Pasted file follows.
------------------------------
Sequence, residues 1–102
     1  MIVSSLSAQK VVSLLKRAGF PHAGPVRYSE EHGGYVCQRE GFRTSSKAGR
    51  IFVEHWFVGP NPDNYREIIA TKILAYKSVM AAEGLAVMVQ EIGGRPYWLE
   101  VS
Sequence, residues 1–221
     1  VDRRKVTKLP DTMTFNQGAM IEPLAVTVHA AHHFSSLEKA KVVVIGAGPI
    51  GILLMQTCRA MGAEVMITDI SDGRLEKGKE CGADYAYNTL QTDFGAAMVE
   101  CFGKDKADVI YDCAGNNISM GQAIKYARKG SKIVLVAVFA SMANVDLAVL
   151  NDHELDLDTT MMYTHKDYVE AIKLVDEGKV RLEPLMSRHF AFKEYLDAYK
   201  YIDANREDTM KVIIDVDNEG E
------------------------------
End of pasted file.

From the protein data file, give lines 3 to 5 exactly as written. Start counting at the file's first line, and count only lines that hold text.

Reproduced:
    51  IFVEHWFVGP NPDNYREIIA TKILAYKSVM AAEGLAVMVQ EIGGRPYWLE
   101  VS
Sequence, residues 1–221